Resolving your debt with a debt consolidation loan can also affect your score. The new loan will require a hard inquiry and will change your credit mix. If you close older accounts and transfer that debt to a consolidation loan then the age of your credit will decrease which could impact your score. 

Credit Repair Services

In The United States, credit repair is a 2.8 billion dollar industry that promises to repair consumer credit scores for a fee. When it comes to credit repair, if it sounds too good to be true, it probably is. 

Credit repair services only help repair your score by helping you dispute items on your credit report that are fraudulent or inaccurate. The ability to file credit report disputes is provided to help you ensure your credit report isn’t full of false data that can be used against you in lending decisions.

But if the data on your credit report is accurate, then there isn’t much a credit repair service can do for you. 

Some consumers prefer to pay for a credit repair service to manage these disputes on their behalf. If the convenience is worth the price you will pay, a credit repair service can be helpful.

It is possible for you to dispute charges on your report by yourself for a similar result and no fee.

Credit Repair Organizations Act

The Credit Repair Organizations Act is a federal law passed in 1996 that requires companies offering credit repair services to advertise and communicate honestly with consumers.

This Act, Title IV of the Consumer Credit Protection Act, prohibits untrue or misleading representations and requires certain affirmative disclosures in the offering or sale of “credit repair” services. The Act bars these companies from charging advance payment and requires that all contracts be in writing. Further credit repairs companies are required to allow consumers to cancel their services in writing.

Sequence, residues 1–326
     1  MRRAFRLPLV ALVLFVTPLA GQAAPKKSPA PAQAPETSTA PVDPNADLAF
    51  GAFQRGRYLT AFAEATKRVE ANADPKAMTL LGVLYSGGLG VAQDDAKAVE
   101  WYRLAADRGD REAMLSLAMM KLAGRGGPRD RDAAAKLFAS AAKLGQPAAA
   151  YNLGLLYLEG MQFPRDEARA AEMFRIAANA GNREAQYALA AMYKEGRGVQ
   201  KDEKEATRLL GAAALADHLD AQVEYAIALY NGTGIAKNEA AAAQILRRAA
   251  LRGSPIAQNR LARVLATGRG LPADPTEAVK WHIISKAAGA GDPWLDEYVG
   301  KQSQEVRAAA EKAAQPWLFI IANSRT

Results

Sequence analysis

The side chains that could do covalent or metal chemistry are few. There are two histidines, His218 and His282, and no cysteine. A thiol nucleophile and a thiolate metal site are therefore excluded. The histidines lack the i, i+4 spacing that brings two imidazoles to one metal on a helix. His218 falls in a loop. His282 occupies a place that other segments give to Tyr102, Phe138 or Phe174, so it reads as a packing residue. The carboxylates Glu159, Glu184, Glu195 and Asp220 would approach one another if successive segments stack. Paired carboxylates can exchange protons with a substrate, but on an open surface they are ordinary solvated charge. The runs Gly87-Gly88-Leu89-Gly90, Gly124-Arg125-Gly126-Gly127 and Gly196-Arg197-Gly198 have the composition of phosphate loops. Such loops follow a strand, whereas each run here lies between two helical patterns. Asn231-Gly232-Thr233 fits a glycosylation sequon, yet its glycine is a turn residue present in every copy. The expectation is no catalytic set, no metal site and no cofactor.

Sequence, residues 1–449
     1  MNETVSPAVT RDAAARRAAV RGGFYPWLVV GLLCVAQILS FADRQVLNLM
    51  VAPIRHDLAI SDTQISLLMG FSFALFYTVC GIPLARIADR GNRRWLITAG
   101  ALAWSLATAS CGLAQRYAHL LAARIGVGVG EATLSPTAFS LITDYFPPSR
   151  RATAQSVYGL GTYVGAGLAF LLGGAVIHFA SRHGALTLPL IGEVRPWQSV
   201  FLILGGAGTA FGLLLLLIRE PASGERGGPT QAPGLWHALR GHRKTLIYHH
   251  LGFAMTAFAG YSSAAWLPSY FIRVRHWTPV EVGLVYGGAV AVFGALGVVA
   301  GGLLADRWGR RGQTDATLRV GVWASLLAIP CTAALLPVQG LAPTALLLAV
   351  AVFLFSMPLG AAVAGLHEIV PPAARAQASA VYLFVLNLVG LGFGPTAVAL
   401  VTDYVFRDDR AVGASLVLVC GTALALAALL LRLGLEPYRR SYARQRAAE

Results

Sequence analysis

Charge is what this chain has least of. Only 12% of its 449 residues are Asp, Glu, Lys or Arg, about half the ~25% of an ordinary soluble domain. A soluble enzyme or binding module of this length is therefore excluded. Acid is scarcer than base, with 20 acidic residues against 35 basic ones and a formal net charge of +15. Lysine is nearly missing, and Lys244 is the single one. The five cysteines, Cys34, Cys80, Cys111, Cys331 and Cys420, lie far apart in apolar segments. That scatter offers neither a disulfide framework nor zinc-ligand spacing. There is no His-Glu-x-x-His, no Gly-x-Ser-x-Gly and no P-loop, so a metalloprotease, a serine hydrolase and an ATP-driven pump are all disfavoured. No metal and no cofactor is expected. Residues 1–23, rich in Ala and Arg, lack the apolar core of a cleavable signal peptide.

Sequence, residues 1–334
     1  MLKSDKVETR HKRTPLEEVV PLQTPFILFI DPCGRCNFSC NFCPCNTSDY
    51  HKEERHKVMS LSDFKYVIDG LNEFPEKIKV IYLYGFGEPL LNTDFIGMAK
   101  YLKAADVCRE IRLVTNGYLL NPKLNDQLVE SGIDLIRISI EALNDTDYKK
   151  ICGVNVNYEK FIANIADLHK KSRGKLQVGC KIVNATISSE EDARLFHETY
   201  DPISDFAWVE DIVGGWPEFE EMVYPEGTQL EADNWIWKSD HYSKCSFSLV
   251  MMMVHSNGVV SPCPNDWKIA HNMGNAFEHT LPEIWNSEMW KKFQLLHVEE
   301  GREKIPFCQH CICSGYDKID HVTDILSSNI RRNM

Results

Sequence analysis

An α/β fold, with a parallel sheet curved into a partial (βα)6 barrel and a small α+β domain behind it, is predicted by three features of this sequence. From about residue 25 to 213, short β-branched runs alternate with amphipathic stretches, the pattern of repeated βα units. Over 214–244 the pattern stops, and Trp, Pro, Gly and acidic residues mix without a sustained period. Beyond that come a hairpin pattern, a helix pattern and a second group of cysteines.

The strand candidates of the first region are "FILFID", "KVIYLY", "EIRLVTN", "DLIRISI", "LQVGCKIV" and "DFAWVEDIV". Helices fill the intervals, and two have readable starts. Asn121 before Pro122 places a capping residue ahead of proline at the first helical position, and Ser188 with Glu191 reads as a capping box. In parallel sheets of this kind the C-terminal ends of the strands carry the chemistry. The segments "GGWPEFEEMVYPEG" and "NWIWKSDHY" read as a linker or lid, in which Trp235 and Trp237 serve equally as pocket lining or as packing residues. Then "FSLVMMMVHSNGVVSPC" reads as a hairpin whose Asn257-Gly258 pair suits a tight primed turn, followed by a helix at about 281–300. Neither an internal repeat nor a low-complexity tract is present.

Repair Your Credit Score on Your Own

Lenders typically report changes to your credit on a monthly basis, which means you can see the positive or negative results of your financial activities in as little as 30 days. 

The best thing you can do on your own to repair your credit in the short term, is to pay down your debt. Lowering your credit utilization and debt to income ratio can have a positive impact on your score as soon as your new balances are reported to the credit bureaus, usually within 30 days. 

Making payments on time can also have a positive effect, though you’ll need 6 months to a year of on time payments to see an impact on your score. If you are having trouble keeping up with your payments and have multiple accounts that are behind, you may want to consider debt relief measures like debt consolidation, settlement or a debt relief program. 

Once you have a plan of action to resolve your debt you can focus on good habits that will help you repair your credit.